Criterion goes to town with an elaborate, exciting presentation of Ingmar Bergman's galvanizing, still-problematic 1966 psychodrama. The 83 minute movie feels epic, unwieldy, because the frames themselves seem to be in so much pain. Bergman grapples with trauma over the state of the world, over personal relationships, and even over his own state in the increasingly quarrelsome world of film culture in the foment of the 1960s, that there is not a moment here that is not fraught. The 2K digital restoration is beautiful: bet you never thought you'd be able to see freckles on Nordic vision
Bibi Andersson, but here they are. Bergman scholar Peter Cowie presents a searching prologue, costar Liv Ullman and Bergman devotee Paul Schrader contribute insight in interviews, and the recent documentary "Liv & Ingmar" is also included as a supplement. Another great film, beautifully presented, with a master class on it as well—a Criterion landmark presentation! —A+

"The Swimmer" (Grindhouse)

This was once a Sony DVD, but it sure as hell did not look as good as this. Typically for the incredibly conscientious folk at Grindhouse, this 1968 studio oddity—a John Cheever adaptation that's a horror movie that doesn't know it's a horror movie, if that's not giving away too much—gets the 4K scan treatment, and the rolling hills of the sterile Connecticut monied vales have never looked so greenly forbidding. Shirtless Burt Lancaster trades winks with Kim Hunter, Marge Champion, Janice Rule and even Joan Rivers but strikes out bad with teen Janet Landgard…anyway, if you've never seen it, trust our founder Roger Ebert's blurb on the front cover: "brilliant and disturbing." Also brilliant: the accompanying, correspondence and text-heavy making of doc that's one of the movie's voluminous extras, which also include liner notes from Stuart Gordon. What a movie. What a package. —A+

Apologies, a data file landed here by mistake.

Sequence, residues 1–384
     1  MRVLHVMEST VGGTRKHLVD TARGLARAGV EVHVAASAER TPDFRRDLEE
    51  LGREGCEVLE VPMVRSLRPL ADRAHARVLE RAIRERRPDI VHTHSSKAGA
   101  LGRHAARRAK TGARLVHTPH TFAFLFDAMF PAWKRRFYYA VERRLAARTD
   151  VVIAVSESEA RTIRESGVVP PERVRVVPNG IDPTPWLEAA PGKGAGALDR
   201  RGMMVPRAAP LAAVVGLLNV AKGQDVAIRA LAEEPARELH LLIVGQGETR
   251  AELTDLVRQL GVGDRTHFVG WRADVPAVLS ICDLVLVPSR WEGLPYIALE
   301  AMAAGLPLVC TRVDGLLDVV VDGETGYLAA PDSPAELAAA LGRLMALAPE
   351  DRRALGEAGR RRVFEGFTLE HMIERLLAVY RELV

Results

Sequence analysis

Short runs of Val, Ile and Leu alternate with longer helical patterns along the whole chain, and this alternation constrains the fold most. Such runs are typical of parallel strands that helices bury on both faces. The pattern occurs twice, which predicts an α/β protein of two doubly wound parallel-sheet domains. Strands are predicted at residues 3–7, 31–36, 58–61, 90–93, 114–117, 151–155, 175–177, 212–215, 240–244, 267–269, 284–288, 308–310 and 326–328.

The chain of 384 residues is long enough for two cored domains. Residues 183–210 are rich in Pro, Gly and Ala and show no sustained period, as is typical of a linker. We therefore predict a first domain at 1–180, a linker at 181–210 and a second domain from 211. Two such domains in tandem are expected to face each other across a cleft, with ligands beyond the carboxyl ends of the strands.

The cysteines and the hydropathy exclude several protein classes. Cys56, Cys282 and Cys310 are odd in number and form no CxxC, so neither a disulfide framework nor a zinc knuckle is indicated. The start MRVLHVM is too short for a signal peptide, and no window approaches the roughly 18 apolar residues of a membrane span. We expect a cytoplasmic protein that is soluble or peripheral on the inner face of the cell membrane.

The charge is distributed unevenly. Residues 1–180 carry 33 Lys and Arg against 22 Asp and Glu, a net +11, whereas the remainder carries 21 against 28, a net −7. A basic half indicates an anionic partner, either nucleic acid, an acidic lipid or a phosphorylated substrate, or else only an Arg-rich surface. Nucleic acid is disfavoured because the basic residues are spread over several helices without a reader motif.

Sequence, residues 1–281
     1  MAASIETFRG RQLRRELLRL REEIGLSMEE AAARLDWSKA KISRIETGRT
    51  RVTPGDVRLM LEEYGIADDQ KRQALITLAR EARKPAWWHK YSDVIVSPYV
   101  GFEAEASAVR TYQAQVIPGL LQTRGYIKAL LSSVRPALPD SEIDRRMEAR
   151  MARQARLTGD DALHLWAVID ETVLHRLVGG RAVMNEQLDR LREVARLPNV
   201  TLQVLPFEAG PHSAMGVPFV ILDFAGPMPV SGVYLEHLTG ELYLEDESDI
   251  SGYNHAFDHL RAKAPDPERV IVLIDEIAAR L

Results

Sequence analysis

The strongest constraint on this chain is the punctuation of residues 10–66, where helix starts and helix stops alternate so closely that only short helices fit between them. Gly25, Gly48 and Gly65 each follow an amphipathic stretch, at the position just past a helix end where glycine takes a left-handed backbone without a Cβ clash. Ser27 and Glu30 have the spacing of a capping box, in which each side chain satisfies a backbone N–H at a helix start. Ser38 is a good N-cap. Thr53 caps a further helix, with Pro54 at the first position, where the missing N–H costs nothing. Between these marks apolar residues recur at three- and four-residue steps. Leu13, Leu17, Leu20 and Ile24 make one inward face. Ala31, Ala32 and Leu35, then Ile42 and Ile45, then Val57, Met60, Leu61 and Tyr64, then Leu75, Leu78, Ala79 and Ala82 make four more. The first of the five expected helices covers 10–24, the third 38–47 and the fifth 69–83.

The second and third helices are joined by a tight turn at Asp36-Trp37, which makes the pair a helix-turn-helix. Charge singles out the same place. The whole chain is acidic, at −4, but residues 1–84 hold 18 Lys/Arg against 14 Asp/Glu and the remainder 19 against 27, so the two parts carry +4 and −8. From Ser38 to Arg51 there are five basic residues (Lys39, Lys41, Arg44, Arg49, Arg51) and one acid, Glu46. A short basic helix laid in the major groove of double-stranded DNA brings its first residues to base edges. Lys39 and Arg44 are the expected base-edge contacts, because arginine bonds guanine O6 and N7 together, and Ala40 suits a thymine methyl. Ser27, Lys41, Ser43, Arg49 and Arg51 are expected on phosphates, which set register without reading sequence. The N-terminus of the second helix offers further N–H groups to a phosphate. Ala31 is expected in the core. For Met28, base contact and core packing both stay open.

"White Light/White Heat" (Universal Music Group)

Mark E. Smith, frontman for The Fall, once said in an interview, "I'm a 'White Light/White Heat' person." That sounds like the articulation of an ethos, and it is one. Understand who will, as they say. Anyway, I am too. I've been listening to the second Velvet Underground album, recorded in 1967, for over 40 years, sometimes over headphones even. And I thought maybe if I could ever hear through the sludge that resulted from a too-in-the-red recording (the engineer here was Verve house man Val Valentin, who would be similarly challenged by the volume of The Tony Williams Lifetime a couple year hence), the secrets of the universe would reveal themselves. In any event, the sludge itself was pretty damn revelatory. The CD remaster of the "45th Anniversary Edition" impressed me sufficiently that an audio-only Blu-ray seemed worth checking out. And it is—this has the most detail of any version of the album I've heard. "Lady Godiva's Operation" is definitively creepy, you can hear the beautifully sensitive detailing of the arrangement on "Here She Comes Now," and "Sister Ray" actually now features a rocking rhythm section as opposed to the suggestion of one. That said, this is hardly an ideal presentation. Of the three lossless formats offered here, the Dolby is not what is advertised, which kind of doesn't matter much as the LPCM and DTS versions are just dandy. It presents only the stereo mix—the punchier mono offered on the recent CD version would have been nice. And the whole package overall has a parsimonious air, particularly since it retails for nearly forty damn bucks. That said. It's the best I've heard this record. Which is not nothing. —A-

Glenn Kenny

Glenn Kenny was the chief film critic of Premiere magazine for almost half of its existence. He has written for a host of other publications and resides in Brooklyn. Read his answers to our Movie Love Questionnaire here.